Health Reform WK-EDGE HHS proposes fifth delay to 340B drug-pricing program changes
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Monday, August 28, 2017

HHS proposes fifth delay to 340B drug-pricing program changes

By Robert B. Barnett Jr., J.D.

HHS is seeking comments on its proposal to delay to July 18, 2018, the effective date of a Final rule setting the calculation of ceiling prices and civil monetary penalty (CMP) authority for the 340B drug-pricing program, which would be the fifth time the effective date was delayed. The latest cause for delay is the need to evaluate the impact of a January 20, 2017, Executive Order requiring executive branch heads to delay implementation of certain parts of the Patient Protection and Affordable Care Act. HHS’ Final rule on the 340B program resulted from changes made to the program by the ACA (Proposed rule, 82 CFR 39553, August 21, 2017).

History.The Final rule, published on January 5, 2017 (see 340B gets teeth with CMPs, January 5, 2017) originally established an effective date of March 6, 2017. That date was delayed to March 21, 2017, due to a memorandum from the Assistant to the President and Chief of Staff called "Regulatory Freeze Pending Review" and then again to April 21, 2017, amid concerns over using an effective date in the middle of a quarter. To give those effected additional time to comply, the date was moved again, this time to May 22, 2017. After further comments, HHS delayed the effective date for a fourth time, to October 1, 2017.

Reasons for the delay.HHS says that the delay is necessary to "more fully consider the substantial questions of fact, law, and policy raise by the rule, consistent with the aforementioned ‘Regulatory Freeze Pending Review’ memorandum." The delay is necessary, HHS argues, because requiring manufacturers to make potentially costly changes by the earlier date would be disruptive.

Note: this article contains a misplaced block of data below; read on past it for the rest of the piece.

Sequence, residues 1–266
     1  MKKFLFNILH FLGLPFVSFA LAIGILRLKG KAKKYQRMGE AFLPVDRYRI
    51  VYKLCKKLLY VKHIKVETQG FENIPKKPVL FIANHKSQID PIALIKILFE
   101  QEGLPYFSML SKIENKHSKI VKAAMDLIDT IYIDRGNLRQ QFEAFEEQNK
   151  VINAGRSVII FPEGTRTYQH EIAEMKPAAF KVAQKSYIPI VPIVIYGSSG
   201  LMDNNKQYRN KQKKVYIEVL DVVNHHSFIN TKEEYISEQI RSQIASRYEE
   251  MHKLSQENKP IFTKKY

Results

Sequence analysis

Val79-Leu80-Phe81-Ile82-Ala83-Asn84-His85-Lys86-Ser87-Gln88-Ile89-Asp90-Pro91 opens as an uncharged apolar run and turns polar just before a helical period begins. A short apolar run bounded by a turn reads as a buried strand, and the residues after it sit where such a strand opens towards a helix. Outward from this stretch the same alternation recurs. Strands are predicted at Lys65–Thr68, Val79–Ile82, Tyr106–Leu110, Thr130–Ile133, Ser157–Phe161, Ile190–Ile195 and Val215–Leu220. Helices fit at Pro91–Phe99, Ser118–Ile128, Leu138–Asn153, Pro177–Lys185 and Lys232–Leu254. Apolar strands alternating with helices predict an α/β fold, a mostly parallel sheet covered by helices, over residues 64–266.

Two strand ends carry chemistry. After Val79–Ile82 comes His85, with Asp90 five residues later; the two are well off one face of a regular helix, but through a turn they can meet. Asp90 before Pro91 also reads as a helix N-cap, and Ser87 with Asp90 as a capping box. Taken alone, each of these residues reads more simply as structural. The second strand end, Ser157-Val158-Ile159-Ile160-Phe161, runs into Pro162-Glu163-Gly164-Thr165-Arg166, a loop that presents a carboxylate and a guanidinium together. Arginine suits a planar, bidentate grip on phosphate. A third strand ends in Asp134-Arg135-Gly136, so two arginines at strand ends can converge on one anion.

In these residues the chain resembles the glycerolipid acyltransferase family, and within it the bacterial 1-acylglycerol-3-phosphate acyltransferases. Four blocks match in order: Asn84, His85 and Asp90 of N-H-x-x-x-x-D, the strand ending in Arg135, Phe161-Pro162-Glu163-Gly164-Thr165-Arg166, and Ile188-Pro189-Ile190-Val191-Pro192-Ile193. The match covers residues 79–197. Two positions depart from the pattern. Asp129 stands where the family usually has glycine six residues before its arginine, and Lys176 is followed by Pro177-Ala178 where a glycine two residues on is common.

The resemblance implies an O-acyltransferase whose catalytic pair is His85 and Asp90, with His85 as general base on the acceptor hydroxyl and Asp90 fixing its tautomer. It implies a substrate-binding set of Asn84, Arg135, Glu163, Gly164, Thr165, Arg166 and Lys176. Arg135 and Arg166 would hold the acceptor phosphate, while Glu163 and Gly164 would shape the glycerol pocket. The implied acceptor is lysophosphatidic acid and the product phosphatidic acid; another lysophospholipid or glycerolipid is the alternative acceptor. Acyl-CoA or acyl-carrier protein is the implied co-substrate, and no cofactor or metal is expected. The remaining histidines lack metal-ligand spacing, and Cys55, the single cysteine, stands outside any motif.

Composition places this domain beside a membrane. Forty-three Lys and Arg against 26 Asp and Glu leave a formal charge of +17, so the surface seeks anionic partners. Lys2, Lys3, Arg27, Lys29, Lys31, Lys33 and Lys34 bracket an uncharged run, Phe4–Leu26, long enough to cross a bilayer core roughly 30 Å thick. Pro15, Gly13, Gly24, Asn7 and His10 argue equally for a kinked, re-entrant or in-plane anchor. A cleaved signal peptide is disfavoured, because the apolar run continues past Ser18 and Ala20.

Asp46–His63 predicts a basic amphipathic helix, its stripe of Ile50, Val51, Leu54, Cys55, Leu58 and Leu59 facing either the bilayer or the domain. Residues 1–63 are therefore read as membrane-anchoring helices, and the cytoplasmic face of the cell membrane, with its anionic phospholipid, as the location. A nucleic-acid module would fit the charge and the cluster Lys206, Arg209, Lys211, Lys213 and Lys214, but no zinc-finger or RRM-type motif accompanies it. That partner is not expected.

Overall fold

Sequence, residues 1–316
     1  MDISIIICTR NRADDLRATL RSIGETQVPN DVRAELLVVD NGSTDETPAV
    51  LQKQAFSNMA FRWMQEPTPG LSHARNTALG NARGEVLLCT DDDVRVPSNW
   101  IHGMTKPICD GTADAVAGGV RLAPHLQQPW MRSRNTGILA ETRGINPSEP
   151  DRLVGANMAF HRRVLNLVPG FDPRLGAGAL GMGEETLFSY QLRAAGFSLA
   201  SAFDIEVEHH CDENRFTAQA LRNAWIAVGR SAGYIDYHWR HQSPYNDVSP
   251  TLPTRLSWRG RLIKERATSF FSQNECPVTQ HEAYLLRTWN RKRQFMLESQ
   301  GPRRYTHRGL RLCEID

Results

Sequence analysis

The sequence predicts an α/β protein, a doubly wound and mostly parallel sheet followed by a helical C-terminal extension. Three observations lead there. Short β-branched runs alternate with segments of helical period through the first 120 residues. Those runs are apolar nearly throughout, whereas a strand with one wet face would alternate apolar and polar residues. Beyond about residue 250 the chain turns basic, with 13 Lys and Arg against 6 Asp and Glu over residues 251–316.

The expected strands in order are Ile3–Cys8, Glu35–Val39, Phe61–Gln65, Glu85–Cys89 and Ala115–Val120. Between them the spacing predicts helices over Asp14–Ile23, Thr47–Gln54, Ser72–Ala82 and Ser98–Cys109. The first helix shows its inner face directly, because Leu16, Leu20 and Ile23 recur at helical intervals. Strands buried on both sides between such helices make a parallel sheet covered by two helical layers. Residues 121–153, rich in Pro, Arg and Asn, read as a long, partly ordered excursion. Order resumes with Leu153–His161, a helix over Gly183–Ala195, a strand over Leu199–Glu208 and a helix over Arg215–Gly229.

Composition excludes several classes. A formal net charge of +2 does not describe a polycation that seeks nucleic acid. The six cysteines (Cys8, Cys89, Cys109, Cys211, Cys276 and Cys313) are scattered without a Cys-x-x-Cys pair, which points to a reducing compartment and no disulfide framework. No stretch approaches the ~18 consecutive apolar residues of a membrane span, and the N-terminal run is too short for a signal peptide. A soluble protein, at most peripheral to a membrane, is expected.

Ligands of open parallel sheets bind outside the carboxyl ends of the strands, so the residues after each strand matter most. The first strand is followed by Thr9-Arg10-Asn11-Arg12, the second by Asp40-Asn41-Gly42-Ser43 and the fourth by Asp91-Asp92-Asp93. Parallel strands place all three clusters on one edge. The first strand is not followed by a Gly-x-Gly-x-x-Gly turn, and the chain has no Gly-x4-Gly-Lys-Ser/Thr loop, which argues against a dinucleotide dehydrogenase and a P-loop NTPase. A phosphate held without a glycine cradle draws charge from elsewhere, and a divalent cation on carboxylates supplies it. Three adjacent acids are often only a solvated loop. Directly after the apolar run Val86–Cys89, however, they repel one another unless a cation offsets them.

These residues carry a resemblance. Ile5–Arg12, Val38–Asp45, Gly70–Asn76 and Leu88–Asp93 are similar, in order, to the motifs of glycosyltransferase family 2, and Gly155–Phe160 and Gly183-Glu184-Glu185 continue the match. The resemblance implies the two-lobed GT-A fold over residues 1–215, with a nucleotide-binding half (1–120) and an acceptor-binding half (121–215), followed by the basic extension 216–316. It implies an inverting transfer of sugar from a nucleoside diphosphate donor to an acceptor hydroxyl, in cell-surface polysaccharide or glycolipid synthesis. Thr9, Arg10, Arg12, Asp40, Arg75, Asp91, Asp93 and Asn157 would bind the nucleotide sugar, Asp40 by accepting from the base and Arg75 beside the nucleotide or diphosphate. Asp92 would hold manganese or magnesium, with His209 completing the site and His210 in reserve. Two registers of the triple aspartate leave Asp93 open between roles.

340B. The 340B program, under 42 U.S.C. §256b, is based upon pharmaceutical pricing agreements (PPAs) entered into between HHS and certain drug manufacturers. When a drug manufacturer enters into a PPA, the manufacturer agrees to charge 340B-covered entities for covered outpatient drugs at prices that do not exceed ceiling prices. The ceiling prices are based upon quarterly pricing data from CMS. Under the new regulations, manufacturers are required to calculate the 340B ceiling price for each covered outpatient drug quarterly. The 340B ceiling price is equal to the average manufacturer price (AMP) from the preceding calendar quarter for the smallest unit of measure, using the Unit Rebate Amount (URA). Ceiling prices will be calculated using six decimal places. When the ceiling price calculation of a drug results in an amount less than $0.01, the price will be $0.01. Additionally, a manufacturer must estimate the 340B ceiling price for a new covered outpatient drug as of the date the drug is first available for sale.

CMPs. The final rule also established that any manufacturer with a PPA that knowingly and intentionally charges a covered entity more than the ceiling price for a covered outpatient drug may be subject to a CMP of up to $5,000 for each instance of overcharging. An instance of overcharging is an instance that results in a covered entity paying more than the ceiling price for a covered outpatient drug.

Comments. Those wishing to comment on the proposal to delay the current effective date of October 1, 2017, must do so by September 20, 2017. Comments may be submitted by email, U.S. mail, or at www.regulations.gov.

FederalRegisterIssuances: ProposedRules NewsFeed 340BNews AgencyNews DrugNews GCNNews MedicaidNews FedTracker HealthCare LifeSciences TrumpAdministrationNews

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